China Eastern buys 20 Boeing 777s
Boeing has made a sales pitch more common to the car showroom than multibillion-dollar aircraft deals as it attempts to woo mainland customers from European rival Airbus.
The US company convinced China Eastern Airlines to trade in five of its Airbus aircraft at a premium in return for it buying Boeing 777-300ER (extended range) planes.
Boeing's breakthrough in selling wide-bodied aircraft to China Eastern comes as a time when Beijing is at odds with the European Union over its emissions trading scheme.
China Eastern ordered 20 Boeing 777-300ERs in a deal worth US$5.94 billion, marking a milestone for the carrier which now operates an almost pure Airbus fleet for long-haul routes, except for three Boeing 767s ordered by its subsidiary Shanghai Airlines in 1998 and 2005. China Eastern and Shanghai Airlines merged three years ago.
Airbus, which has lost yet another deal from a mainland airline, said US$12 billion worth of aircraft orders had been put on hold by Beijing as a retaliatory measure against the EU's plan to charge all flights to and from Europe for carbon emissions from January.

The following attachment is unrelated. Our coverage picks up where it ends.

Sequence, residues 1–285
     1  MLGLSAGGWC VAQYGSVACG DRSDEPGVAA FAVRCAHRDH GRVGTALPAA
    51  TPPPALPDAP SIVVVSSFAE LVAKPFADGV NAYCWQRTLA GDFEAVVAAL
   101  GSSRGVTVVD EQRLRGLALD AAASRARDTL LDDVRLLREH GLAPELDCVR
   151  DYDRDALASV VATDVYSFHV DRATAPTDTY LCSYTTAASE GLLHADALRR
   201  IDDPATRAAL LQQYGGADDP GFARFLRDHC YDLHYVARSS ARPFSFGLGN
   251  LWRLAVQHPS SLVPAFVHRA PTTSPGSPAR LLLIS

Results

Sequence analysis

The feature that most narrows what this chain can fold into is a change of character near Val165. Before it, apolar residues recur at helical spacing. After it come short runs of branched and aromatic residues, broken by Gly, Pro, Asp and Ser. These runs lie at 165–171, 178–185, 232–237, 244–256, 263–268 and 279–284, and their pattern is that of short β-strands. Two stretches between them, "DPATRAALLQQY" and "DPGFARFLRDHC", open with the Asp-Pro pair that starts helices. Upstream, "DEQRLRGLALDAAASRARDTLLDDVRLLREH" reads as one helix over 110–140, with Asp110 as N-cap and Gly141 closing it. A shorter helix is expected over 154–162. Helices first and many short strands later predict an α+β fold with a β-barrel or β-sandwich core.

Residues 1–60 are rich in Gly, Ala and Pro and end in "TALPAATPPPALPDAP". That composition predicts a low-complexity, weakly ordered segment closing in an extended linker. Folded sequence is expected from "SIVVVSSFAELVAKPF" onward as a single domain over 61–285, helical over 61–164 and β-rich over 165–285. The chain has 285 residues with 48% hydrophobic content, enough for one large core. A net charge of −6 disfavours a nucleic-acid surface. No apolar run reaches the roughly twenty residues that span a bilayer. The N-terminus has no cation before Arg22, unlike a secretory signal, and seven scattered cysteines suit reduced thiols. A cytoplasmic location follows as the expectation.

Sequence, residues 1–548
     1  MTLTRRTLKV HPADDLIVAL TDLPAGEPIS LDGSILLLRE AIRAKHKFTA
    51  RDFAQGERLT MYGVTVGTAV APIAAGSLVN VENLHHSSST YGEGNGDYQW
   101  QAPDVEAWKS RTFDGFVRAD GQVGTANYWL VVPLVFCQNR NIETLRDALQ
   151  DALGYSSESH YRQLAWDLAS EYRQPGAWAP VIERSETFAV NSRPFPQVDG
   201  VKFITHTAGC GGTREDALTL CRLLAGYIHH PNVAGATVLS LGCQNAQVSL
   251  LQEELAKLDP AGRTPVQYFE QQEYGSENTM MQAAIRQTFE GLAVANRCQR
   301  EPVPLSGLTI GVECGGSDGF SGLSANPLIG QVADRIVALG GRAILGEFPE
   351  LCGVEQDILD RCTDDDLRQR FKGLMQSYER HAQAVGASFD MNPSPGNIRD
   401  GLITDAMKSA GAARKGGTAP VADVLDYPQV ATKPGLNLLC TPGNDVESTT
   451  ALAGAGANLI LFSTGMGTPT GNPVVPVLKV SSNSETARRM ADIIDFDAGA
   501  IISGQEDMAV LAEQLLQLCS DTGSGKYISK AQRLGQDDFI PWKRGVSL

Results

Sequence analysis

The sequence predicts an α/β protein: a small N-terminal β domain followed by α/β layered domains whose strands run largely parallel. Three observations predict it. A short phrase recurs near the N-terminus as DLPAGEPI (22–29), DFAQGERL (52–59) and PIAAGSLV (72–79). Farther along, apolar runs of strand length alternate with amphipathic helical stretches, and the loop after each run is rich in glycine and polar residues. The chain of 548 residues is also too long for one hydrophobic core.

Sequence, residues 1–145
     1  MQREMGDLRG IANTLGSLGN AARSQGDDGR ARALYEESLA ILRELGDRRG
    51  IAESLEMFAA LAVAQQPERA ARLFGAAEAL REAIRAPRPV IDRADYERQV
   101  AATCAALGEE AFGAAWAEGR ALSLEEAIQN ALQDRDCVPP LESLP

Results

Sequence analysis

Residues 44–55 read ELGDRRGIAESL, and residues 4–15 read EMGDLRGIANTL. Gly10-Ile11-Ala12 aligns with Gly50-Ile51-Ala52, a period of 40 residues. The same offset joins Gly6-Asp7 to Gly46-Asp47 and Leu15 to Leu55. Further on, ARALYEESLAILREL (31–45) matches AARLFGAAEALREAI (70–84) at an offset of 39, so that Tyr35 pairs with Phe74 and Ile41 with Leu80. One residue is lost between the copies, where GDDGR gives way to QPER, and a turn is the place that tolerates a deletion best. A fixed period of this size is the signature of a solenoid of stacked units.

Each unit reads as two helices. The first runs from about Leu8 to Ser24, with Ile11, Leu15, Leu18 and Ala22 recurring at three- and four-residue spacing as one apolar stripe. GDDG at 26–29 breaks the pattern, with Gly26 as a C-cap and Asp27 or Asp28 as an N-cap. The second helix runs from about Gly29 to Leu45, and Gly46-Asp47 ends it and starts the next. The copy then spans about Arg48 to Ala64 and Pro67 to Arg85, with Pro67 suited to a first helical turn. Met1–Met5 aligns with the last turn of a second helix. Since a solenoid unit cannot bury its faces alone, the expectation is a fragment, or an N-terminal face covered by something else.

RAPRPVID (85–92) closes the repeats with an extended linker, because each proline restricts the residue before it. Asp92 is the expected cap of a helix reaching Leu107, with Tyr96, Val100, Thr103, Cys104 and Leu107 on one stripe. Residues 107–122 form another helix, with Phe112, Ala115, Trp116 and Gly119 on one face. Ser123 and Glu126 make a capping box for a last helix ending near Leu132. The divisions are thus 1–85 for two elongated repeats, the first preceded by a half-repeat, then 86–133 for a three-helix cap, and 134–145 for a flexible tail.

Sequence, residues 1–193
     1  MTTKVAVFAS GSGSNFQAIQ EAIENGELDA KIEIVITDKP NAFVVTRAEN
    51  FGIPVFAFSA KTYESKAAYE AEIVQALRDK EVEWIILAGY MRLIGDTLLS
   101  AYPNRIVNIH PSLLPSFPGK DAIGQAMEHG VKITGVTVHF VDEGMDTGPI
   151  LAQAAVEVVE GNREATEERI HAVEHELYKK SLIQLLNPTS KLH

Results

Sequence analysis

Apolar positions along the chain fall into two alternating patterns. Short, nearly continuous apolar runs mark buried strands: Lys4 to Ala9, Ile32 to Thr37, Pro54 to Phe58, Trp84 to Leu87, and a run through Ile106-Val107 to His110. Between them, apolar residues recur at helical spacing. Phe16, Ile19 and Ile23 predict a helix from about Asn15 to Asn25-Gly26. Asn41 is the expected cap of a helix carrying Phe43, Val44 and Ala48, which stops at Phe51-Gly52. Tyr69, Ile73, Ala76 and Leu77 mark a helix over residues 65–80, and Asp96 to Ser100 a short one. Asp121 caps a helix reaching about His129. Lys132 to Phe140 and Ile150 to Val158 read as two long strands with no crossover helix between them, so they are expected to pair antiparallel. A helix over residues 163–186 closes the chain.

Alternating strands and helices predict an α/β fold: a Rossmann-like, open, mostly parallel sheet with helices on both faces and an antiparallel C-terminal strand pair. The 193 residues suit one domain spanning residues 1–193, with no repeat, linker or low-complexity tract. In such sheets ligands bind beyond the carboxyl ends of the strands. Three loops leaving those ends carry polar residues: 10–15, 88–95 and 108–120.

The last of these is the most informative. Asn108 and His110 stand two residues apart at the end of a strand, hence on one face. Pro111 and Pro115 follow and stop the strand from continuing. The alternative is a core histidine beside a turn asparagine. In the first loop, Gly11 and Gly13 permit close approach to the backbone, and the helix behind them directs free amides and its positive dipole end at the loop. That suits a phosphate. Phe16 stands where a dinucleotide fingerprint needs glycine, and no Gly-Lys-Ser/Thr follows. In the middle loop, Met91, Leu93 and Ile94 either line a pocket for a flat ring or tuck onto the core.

Boeing had poached a previously loyal Airbus customer by a really sweet deal, analysts said.
It offered to trade in five A340-600s from China Eastern at US$142.2 million each - at least 2.4 times the market price.
'It's a very unusual practice,' said Paul Sheridan, the head of consultancy in Asia at Ascend, a London-based aviation consultancy. 'Boeing has done it because until now China Eastern has used quite a lot of double-aisle aircraft from Airbus.'
Another analyst also found the tactic abnormal. 'It is as if there has been no amortisation of the aircraft's book value since they were delivered,' said Simon Finn, a senior vice-president of aviation research for DVB Bank.
China Eastern could not be reached for comment because of the Labour Day holiday.
The B777 is said to be more than 10 per cent fuel-efficient than the A340-600 on a typical flight. This operating cost excludes the maintenance costs associated with four large turbofan engines, against two on the B777.
'It is very common in the United States to trade in your old car when you buy a new car from an agent,' said Christopher Morgan, a senior sales director at Boeing (Asia). 'It happens a little bit in the aviation industry.'
Sources said Boeing would lease the traded aircraft. It leased an A340 to Cathay Pacific Airways few years ago, the source said.
Airbus did not comment on the deal.
The book value, in yuan, of the five aircraft China Eastern Airlines will sell to Boeing